Presenter Information

Shaina Lynch, Boise State University

Start Date

9-4-2021 9:00 AM

End Date

9-4-2021 10:15 AM

Disciplines

United States History | Women's History

Subjects

Memorialization -- Social aspects -- Case studies, Women -- Idaho -- Treasure Valley -- Monuments, Monuments -- Idaho -- History

Description

Abstract: In this paper, I research the public commemoration of women in the Treasure Valley and Southwest Idaho. Public memorials were sought out, visited, and photographed. A map was created of the locations and added to a website I made as part of this project, www.idahowomeninhistory.com. In order to make an argument for more statuary and monuments to women in Idaho there needed to be an explanation for the omission. I begin with the glaring absence of women in the public sphere and popular history (written and dominated by men), which explains their lack of celebration in public spaces. They were invisible. Society honored what it valued the most, men and their contributions. As women’s equality movements waxed, the trend of public statuary to individuals waned. Event and group commemoration, abstract art, and dedicated spaces became the norm. I categorize the types of commemoration as Compensatory, Contributory, Construction, and Challenging. I then place Southwest Idaho’s women’s monuments into those categories. Statues simply in female form do not count if they are the embodiments of ideas like Justice, Liberty, or mythical beings like mermaids and angels. I discuss the arguments against adding statues, and the push to achieve equal representation by subtraction. Ultimately, I side with increasing women’s commemoration in Southwest Idaho.

PART OF SESSION 1C. PUBLIC COMMEMORATION

Comment: Larry Cebula, Eastern Washington University
Chair: Bradley Franco, University of Portland

Shaina Lynch, Boise State University, undergraduate student
“The No-Color of Women: Women and Commemoration in the Treasure Valley of Idaho”

Liza J. Schade, Portland State University, graduate student
“Finding a Community Niche: Rethinking Historic House Museums in Oregon”

Emma Williams, University of Idaho, undergraduate student
“Portraiture, Patriotism, and Politicking: The Political Effect of Visual Histories”

Rights

Creative Commons License
This work is licensed under a Creative Commons Attribution 4.0 International License.

In Copyright. URI: http://rightsstatements.org/vocab/InC/1.0/ This Item is protected by copyright and/or related rights. You are free to use this Item in any way that is permitted by the copyright and related rights legislation that applies to your use. For other uses you need to obtain permission from the rights-holder(s).

Persistent Identifier

https://archives.pdx.edu/ds/psu/35249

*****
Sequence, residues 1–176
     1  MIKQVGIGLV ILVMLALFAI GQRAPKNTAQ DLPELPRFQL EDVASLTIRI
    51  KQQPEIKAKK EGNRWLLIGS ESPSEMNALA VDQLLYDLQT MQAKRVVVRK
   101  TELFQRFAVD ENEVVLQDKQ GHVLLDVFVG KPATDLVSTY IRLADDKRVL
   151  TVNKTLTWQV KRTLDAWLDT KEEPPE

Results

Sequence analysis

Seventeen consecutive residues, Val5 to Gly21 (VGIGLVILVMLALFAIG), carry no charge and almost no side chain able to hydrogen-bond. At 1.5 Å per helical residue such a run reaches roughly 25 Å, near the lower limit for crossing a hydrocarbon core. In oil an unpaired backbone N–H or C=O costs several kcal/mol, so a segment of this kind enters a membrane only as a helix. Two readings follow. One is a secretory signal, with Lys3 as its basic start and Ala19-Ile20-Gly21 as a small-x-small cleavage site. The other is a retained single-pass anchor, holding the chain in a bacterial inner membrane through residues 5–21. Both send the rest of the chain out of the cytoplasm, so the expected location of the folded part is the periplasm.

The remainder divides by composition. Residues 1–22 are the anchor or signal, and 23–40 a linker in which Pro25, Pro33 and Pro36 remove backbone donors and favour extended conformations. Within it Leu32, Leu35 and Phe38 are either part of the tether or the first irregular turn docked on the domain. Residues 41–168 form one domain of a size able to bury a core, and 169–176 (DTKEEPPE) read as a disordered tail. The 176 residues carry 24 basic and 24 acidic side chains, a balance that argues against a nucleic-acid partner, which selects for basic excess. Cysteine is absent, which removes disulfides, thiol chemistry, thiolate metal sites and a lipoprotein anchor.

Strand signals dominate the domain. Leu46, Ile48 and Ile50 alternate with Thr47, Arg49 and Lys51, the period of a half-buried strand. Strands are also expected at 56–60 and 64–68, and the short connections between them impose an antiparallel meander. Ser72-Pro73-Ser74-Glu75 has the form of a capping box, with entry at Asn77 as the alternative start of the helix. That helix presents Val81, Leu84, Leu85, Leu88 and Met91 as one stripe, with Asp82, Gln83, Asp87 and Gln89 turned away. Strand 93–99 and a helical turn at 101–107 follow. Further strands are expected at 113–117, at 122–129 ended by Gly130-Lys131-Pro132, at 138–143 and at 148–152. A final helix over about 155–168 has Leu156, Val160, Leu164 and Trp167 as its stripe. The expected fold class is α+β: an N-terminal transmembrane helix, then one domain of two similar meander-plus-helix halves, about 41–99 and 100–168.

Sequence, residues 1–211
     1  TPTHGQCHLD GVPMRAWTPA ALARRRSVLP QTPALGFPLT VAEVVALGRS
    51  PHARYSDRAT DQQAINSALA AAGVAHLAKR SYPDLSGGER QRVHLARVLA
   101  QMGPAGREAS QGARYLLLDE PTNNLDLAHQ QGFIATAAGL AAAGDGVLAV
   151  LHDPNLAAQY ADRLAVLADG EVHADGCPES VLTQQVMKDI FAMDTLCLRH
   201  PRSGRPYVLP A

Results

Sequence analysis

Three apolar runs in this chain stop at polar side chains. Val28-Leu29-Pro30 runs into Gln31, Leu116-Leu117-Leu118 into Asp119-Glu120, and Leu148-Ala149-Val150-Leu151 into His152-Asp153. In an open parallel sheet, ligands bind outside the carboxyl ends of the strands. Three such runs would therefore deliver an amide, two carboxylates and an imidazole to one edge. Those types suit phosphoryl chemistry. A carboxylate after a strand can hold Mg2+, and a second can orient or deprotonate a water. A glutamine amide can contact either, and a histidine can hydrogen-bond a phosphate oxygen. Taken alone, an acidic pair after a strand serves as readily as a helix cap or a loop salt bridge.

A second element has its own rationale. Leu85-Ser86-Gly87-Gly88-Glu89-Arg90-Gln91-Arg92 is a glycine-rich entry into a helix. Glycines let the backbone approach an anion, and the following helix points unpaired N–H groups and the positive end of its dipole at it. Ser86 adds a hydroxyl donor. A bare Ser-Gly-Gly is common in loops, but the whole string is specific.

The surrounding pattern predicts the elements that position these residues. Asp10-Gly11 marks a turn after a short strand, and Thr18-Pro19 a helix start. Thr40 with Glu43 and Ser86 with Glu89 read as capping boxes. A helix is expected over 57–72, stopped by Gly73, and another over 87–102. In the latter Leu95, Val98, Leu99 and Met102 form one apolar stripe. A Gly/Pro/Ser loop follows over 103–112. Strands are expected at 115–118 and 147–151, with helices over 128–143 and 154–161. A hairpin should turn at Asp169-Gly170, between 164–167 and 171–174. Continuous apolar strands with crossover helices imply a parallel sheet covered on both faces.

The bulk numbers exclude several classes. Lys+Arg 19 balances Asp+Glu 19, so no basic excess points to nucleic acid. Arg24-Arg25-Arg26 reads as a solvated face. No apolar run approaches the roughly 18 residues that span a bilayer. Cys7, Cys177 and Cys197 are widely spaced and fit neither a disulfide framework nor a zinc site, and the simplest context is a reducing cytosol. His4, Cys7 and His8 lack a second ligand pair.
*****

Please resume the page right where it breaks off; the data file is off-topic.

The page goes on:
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Apr 9th, 9:00 AM Apr 9th, 10:15 AM

The No-Color of Women: Women and Commemoration in the Treasure Valley of Idaho

Abstract: In this paper, I research the public commemoration of women in the Treasure Valley and Southwest Idaho. Public memorials were sought out, visited, and photographed. A map was created of the locations and added to a website I made as part of this project, www.idahowomeninhistory.com. In order to make an argument for more statuary and monuments to women in Idaho there needed to be an explanation for the omission. I begin with the glaring absence of women in the public sphere and popular history (written and dominated by men), which explains their lack of celebration in public spaces. They were invisible. Society honored what it valued the most, men and their contributions. As women’s equality movements waxed, the trend of public statuary to individuals waned. Event and group commemoration, abstract art, and dedicated spaces became the norm. I categorize the types of commemoration as Compensatory, Contributory, Construction, and Challenging. I then place Southwest Idaho’s women’s monuments into those categories. Statues simply in female form do not count if they are the embodiments of ideas like Justice, Liberty, or mythical beings like mermaids and angels. I discuss the arguments against adding statues, and the push to achieve equal representation by subtraction. Ultimately, I side with increasing women’s commemoration in Southwest Idaho.

PART OF SESSION 1C. PUBLIC COMMEMORATION

Comment: Larry Cebula, Eastern Washington University
Chair: Bradley Franco, University of Portland

Shaina Lynch, Boise State University, undergraduate student
“The No-Color of Women: Women and Commemoration in the Treasure Valley of Idaho”

Liza J. Schade, Portland State University, graduate student
“Finding a Community Niche: Rethinking Historic House Museums in Oregon”

Emma Williams, University of Idaho, undergraduate student
“Portraiture, Patriotism, and Politicking: The Political Effect of Visual Histories”